If you think highways and flight paths are the only ways to travel long distances in the United States, check out the East Coast Greenway. The network of bike trails and bikeable roads stretches nearly 3,000 miles down the eastern seaboard, from Maine's border with Canada to Key West, Florida.
In the works since 1991, the route is officially complete, but still very much a work in progress. The goal of the East Coast Greenway Alliance (ECGA) is to have it run entirely on dedicated traffic-free trails, but at this point, nearly three quarters is on regular, if calm, roads.
The ECGA does not create the trails itself, but rather works with local organizations and agencies in the fifteen states it traverses to bring route sections together and to ensure that they all meet the proper criteria. If you live on the East Coast or pass through for a visit, the ECGA provides maps and information for each state's route.
While circuitous routes off-road trails are preferred to direct on-road ones, the Greenway remains an urban trail system. It is more concerned with transportation than recreation, and connects 25 major cities, including New York, Washington, D.C., Richmond, Raleigh, Charleston and Miami.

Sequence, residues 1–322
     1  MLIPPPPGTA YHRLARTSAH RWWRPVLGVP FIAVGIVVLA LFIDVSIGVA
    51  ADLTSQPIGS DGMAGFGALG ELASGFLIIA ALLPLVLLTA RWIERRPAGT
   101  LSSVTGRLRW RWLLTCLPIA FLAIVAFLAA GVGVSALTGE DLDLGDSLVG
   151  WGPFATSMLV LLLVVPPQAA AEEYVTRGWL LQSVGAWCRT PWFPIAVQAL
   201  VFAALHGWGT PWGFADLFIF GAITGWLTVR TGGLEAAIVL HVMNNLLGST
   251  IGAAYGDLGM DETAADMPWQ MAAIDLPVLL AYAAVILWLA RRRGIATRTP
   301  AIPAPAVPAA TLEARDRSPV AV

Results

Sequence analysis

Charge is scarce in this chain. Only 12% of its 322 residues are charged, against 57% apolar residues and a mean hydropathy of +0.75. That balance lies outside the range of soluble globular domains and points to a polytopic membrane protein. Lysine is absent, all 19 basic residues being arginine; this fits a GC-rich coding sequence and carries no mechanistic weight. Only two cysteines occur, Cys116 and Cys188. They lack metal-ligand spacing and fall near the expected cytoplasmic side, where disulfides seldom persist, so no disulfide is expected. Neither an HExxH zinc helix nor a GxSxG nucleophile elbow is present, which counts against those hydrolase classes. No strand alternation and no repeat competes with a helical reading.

I had no idea the Greenway existed until a few days ago, when I noticed a small sign on a telephone pole near my house and discovered that I live around the corner from one of the longest bike trails in the world. Needless to say, I was thrilled.
Some sections of the trail include alternate routes and are a bit complicated (especially New York), testifying to the work that lies ahead for the Alliance if it's going to successfully give cyclists, pedestrians and anyone else who uses their muscles to move a car-free road from Maine to Florida. But the organization has already done admirable work, and initiatives like this one are necessary if we have any intention of breaking our dependence on cars and fossil fuels.
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